Pets.ca - Pet forum for dogs cats and humans 

-->

"recreational" bones

technodoll
January 3rd, 2007, 03:18 PM
from the CFS-Canada - yahoogroups List:

Recreational bones - generally those that are sold under names such
as "soup bones," knuckle bones," or "marrow bones" - come from the
leg bones of large ungulates like adult cows, bison, elk, moose,
deer, etc. These are the weight-bearing bones of VERY large prey
animals, and are extremely dense bones. They also, almost without
fail, come seriously lacking in meat. What we end up with then is
merely a recipe for disaster. The bones are so hard and dense in
order to hold up such a massive animal, that they're frequent tooth
breakers. I can speak for many folks who have dogs that have
suffered in this regard - painful and expensive breaks, cracks,
wear, slab fractures.

The prey animal that these come from is just holding up so much
weight with that bone, and it's so very dense, that it's not
something that our carnivores are able to tackle safely.
Particularly when there's no meat on the bone to speak of from the
get go. Why bother? Even wolves have been documented as
consistently leaving these kinds of bones at the kill site unless
completely desperate with hunger. Our domestic carnivores never
need be desperate enough to have to settle for such a nutritionally
deficient and dangerous bone. Better by far to offer meaty, bone-in
items with bones that are at least theoretically edible.

The exception to the large ungulate weight-bearing bone "rule"
(although the bone itself is still inedible) might be something like
a beef shank with all the meat still on the bone. At least in that
case the carnivore actually gets a meal out of it and the workout
and tooth cleaning from tearing the meat off the bone, and then you
can just take the bone away once the meat is gone and before the
diner gets any ideas about playing hero on a tooth breaker "wreck"
bone.

Scott_B
January 3rd, 2007, 03:53 PM
:thumbs up

this is why i give beef neck bones for recreation use. They're not dense and wont crack/break teeth!

Angie J
January 3rd, 2007, 08:18 PM
My pup just LOVES those marrow bones.. (you mean the roundtubular ones in the grocery store right??) So, what would you give a teething pup.... instead of my shoes I mean?

And where do you find Beef neck bones?

Angie J

technodoll
January 3rd, 2007, 08:51 PM
angie you will find beef or pork neck bones in ethnic markets, many butchers have them and grocery stores too. you can also give raw pig's or chicken feet. raw beef knucklebones are also a good bet, ask any butcher and most give them for free!

Rottielover
January 3rd, 2007, 10:14 PM
Or be a harley and break a huge piece off and get an obstruction :frustrated: Never again with recreation bones

rainbow
January 4th, 2007, 12:46 AM
from the CFS-Canada - yahoogroups List:


Quote:
Recreational bones - generally those that are sold under names such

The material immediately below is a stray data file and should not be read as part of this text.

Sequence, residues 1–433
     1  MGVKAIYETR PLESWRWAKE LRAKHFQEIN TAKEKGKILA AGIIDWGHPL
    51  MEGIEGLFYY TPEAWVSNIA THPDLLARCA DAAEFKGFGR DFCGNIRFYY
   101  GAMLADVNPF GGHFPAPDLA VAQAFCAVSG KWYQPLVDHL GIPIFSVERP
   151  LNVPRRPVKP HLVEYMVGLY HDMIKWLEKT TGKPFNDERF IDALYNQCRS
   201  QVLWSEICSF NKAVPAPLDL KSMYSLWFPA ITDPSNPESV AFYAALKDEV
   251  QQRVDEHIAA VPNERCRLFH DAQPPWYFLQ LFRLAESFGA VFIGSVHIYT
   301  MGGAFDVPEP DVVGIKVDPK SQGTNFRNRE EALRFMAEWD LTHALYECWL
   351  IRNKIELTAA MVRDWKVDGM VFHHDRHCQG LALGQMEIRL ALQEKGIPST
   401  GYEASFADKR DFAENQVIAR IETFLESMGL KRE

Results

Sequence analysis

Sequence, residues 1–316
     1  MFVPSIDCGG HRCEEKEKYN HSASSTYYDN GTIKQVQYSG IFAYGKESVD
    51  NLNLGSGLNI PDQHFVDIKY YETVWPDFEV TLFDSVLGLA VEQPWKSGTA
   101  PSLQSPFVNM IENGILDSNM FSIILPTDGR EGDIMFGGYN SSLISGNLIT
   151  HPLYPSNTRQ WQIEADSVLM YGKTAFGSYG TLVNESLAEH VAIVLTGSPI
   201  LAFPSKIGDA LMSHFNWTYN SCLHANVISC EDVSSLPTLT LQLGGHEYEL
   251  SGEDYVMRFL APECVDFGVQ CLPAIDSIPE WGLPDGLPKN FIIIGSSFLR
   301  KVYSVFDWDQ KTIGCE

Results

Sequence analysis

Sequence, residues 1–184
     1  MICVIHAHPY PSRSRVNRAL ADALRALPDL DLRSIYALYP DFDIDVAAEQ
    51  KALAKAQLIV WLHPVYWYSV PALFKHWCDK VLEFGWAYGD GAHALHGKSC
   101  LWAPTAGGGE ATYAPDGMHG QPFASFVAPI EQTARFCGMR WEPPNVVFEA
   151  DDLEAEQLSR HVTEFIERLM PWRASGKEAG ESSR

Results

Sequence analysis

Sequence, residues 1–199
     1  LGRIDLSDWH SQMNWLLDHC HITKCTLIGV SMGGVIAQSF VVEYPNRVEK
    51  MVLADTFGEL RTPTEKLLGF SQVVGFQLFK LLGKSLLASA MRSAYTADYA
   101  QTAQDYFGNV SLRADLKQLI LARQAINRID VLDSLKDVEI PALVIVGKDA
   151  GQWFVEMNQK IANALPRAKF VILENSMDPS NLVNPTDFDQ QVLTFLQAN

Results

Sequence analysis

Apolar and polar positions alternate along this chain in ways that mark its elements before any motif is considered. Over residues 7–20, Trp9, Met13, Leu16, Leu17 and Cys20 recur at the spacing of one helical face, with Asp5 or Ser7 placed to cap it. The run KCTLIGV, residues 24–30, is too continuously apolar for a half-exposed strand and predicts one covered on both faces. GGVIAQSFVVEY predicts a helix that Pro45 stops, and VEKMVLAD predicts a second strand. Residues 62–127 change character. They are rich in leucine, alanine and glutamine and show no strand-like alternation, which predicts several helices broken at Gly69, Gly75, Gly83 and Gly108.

as "soup bones, "knuckle bones", or "marrow bones" - come from the
leg bones of large ungulates like adult cows, bison, elk, moose,
deer, etc. These are the weight-bearing bones of VERY large prey
animals, and are extremely dense bones. They also, almost without
fail, come seriously lacking in meat. What we end up with then is
merely a recipe for disaster. The bones are so hard and dense in
order to hold up such a massive animal, that they're frequent tooth
breakers. I can speak for many folks who have dogs that have
suffered in this regard - painful and expensive breaks, cracks,
wear, slab fractures.




angie you will find beef or pork neck bones in ethnic markets, many butchers have them and grocery stores too. you can also give raw pig's or chicken feet. raw beef knucklebones are also a good bet, ask any butcher and most give them for free!


I'm a little confused. :confused:

Scott_B
January 4th, 2007, 05:48 AM
knuckle bones seem to have more cartledge and so are a bit softer then marrow bones. That said, I still don't feed him, as a percaution and because I don't need to as I always have beef neck bones on hand.

technodoll
January 4th, 2007, 08:48 AM
knucklebones are the safest of the lot, so to speak, even if they are still very hard they contain cartilege which is gentler on the teeth. but not all knucklebones are created equal and some dogs still chip and crack their teeth on them... it's a question of finding the right bone for the right dog :shrug:

Scott_B
January 4th, 2007, 01:01 PM
Excellent points.

SnowDancer
January 4th, 2007, 01:10 PM
No such thing as a recreation bone when it comes to my Eskimo. From sweet - non food aggressive (with Mommy) go super Cujo in 2 seconds. Even his eyes changed. So cookies it is.

Skryker
January 4th, 2007, 01:30 PM
I only give the marrow bones supervised, and only until the meat on the outside is gone and the marrow has been extracted. Once I hear the first bone chip crunched the bones go out. I've been looking for knucklebones or chicken feet to give instead. Fingal's got a small chip off of one fang-I don't want them to crack a tooth. :o

technodoll
January 4th, 2007, 02:06 PM
stryker, any ethnic shops or butchers or meat markets around where you live?.. :dog: